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Thursday, August 08, 2013

What's "Obvious" About Corporate Free Exercise?

Rick Garnett suggested recently in this space that it is “obvious” (Rick’s word) that legal entities have Free Exercise rights, and Will Baude has written a bit more cautiously that churches “or the real parties in interest behind them” probably can assert their own first amendment claims.    Now, I’m just an unfrozen caveman tax lawyer, but I did once flip through a copy of “First Amendment Institutions” (and write two articles about nonprofit organizations in politics).  And I think the “obvious” examples are just intuition pumps.  Will argues churches very likely have their own sets of rights, while Rick says that anti-kosher laws would violate the rights of firms selling kosher products. 

[UPDATE: Rick points out (see the comments) that his post doesn't quite claim that entities have FE rights qua entities, though his phrasing of that distinction may be too subtle for duller readers (ahem).  So substitute for "Rick," with some modest amendment, "Adler," or "Bainbridge" or others, such as this piece by Scott Gaylord of Elon.]

I would say it’s obvious that regulation of churches or religious practices can interfere with individual rights to free exercise.  If my religious beliefs include shared worship with a community of likeminded believers, certainly direct restrictions on church (or other religious community) activity can interfere with my exercise of those beliefs.  But why does the organization itself need to be able to assert its own claims?  Corporations (including nonprofit corporations, such as most churches) can only sue by virtue of state laws giving them that power.  Are Will & Rick claiming it is “obvious” that states are constitutionally obligated to give legal personhood to abstract entities?

This may seem a fine distinction, but asserting that law is concerned with the rights of entities, not just the people in them, elides an important element of individual choice.   Believers who choose to invest their money in a highly regulated industry can reasonably be presumed to go in with their eyes open to the possibility that regulation will impose a variety of burdens.  If they don’t like that, they should take their money elsewhere.  That’s a very different thing than a total prohibition on some key religious practice, as in Rick’s kosher example.  The degree of imposition is just much smaller in my example, because the government leaves open many alternative avenues for religious expression.  Is it zero burden?  Of course not, but this is a balancing test, isn’t it?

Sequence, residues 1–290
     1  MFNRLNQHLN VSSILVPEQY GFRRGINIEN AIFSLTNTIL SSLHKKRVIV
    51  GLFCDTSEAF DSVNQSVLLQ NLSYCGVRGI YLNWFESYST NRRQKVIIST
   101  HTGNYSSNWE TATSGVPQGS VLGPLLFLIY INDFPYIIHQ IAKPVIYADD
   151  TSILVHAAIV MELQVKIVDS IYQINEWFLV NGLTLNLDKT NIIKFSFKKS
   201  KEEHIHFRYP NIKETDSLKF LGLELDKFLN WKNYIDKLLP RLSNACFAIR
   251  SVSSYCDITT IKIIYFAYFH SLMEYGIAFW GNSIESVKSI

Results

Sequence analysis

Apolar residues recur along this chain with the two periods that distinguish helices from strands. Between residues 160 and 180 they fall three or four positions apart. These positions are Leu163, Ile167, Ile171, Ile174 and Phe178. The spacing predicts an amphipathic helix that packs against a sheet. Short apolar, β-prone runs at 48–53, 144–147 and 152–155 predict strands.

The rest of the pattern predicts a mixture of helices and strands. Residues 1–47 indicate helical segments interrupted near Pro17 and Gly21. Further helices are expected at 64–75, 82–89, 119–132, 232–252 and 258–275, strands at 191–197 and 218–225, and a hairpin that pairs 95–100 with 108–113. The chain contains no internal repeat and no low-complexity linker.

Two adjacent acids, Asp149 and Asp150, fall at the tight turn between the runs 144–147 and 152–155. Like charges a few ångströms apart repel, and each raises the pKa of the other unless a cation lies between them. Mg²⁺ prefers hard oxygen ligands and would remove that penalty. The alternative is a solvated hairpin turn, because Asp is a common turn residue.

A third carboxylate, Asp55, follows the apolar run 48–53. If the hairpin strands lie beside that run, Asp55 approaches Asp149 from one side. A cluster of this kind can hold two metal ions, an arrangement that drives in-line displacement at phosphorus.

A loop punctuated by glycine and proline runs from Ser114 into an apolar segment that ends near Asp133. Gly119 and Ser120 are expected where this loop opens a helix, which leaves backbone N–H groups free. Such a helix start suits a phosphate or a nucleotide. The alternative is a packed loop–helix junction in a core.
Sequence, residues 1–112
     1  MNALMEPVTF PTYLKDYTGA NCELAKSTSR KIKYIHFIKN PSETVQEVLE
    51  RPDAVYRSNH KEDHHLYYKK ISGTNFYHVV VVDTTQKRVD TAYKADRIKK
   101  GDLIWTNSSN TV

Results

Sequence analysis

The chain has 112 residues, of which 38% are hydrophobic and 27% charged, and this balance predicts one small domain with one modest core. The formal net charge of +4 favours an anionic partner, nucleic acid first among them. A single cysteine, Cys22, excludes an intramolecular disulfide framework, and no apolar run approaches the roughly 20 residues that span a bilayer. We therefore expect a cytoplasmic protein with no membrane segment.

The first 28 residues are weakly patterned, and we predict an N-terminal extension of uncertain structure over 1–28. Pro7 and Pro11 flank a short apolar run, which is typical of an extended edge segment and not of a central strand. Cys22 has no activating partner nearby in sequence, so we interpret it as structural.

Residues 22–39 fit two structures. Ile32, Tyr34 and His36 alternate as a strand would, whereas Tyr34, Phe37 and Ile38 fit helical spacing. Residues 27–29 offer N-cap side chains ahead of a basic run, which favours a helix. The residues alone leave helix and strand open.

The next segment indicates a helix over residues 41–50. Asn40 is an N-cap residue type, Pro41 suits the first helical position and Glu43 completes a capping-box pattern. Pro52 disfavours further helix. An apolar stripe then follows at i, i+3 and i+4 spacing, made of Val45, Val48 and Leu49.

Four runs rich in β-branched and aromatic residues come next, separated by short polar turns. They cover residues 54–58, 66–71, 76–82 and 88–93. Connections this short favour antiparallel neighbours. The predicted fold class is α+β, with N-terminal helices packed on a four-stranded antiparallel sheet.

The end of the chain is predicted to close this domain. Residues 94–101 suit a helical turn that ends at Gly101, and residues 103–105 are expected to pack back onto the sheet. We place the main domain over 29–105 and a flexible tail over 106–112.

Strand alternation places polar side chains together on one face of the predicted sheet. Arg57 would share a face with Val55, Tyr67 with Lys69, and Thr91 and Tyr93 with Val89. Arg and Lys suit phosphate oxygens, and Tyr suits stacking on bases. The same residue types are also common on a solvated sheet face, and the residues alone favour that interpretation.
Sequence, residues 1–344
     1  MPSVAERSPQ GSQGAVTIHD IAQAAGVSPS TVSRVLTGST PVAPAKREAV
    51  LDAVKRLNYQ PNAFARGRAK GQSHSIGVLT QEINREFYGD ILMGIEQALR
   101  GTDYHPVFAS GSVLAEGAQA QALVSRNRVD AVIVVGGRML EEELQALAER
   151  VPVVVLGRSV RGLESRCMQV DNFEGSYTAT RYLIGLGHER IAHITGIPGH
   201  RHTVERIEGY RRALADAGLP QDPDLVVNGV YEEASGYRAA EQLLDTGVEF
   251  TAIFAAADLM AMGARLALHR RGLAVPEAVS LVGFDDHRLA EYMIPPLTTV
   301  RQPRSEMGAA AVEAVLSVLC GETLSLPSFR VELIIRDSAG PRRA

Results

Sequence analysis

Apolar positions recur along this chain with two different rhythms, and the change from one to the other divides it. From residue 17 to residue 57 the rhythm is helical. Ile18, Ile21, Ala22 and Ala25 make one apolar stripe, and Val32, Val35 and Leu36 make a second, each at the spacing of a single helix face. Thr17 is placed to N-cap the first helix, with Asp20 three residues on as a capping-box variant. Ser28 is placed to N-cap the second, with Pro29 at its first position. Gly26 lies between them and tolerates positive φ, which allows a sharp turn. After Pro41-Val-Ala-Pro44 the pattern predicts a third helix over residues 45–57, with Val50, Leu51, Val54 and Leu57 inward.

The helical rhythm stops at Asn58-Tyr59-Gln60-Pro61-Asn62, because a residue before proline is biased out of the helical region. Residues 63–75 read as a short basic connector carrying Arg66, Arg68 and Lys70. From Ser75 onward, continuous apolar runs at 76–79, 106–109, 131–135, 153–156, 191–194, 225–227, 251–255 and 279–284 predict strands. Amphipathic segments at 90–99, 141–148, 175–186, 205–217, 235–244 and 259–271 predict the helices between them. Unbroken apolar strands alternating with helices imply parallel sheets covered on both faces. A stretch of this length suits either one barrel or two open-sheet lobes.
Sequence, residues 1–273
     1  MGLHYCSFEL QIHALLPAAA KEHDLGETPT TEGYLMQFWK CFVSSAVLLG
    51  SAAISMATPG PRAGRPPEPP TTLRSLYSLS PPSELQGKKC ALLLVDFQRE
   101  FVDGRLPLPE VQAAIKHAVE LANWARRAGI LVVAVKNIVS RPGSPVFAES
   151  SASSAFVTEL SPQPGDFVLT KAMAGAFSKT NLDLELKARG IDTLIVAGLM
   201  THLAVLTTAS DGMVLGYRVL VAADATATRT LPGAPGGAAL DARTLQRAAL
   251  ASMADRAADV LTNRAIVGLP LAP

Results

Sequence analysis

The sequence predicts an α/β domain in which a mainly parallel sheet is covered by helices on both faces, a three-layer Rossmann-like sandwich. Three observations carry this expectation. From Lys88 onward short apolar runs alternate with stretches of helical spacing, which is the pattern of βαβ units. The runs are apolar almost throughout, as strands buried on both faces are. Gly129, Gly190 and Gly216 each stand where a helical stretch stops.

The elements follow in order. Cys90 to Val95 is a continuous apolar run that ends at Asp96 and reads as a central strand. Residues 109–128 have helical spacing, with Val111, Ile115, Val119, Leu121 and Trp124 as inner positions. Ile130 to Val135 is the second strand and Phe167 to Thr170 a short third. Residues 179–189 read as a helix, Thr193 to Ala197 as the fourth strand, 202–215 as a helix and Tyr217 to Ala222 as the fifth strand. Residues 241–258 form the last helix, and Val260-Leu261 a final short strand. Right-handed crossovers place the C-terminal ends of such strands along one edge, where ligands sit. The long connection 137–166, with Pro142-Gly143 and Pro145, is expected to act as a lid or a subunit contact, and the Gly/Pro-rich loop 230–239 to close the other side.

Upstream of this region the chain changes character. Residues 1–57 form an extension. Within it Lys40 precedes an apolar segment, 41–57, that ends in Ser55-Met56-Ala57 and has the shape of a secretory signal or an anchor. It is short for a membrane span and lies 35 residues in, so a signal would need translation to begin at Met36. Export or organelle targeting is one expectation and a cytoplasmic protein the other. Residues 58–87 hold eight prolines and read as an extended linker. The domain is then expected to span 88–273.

Of course, SCOTUS also makes this same overly-easy substitution in Citizens United.  Why is the right of political expression a right of the entity, not its members?  Can’t the members express their political views individually (at least absent some special meaning to speaking together as a legally-recognized group)?  Maybe forming a collective facilitates speech.  But then the issue is to what extent it is permissible for government to reduce its prior commitments to facilitating expression.  That field is treacherous, to be sure.  But by simply assuming that the entity embodies its members’ rights, we dodge what ought to be at the center of the debate.

Posted by BDG on August 8, 2013 at 09:11 AM in Constitutional thoughts, Corporate, First Amendment | Permalink

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Comments

Brian,

The Third Circuit held that neither the corporation nor the real people behind it could bring free exercise claims. I'm currently agnostic about which of them (or both) should get to bring the claim, I don't think it can be "neither." I take it that as to church corporations, you'd agree?

Posted by: William Baude | Aug 8, 2013 12:55:55 PM

Will, I'd agree with your phrasing of the issue. If you shift it a bit to whether there is a "substantial burden" on RFRA rights, maybe not. The last time I thought about this carefully (writing a brief about RFRA issues in a tax prosecution against defendants asserting a religious liberty defense), I concluded there is an Article III issue with RFRA, and would have avoided that constitutional problem by reading "substantial burden" in a way that largely parallels Free Exercise doctrine. (And no, my supervisors did not go for putting that one in the brief, but I published a piece of the argument in a long, unreadable 2005 article.) So for me Smith would pretty much end the story. But that's a 12(b)(6) issue; for sure individual plaintiffs at least should "get to bring the claim," i.e., survive 12(b)(1).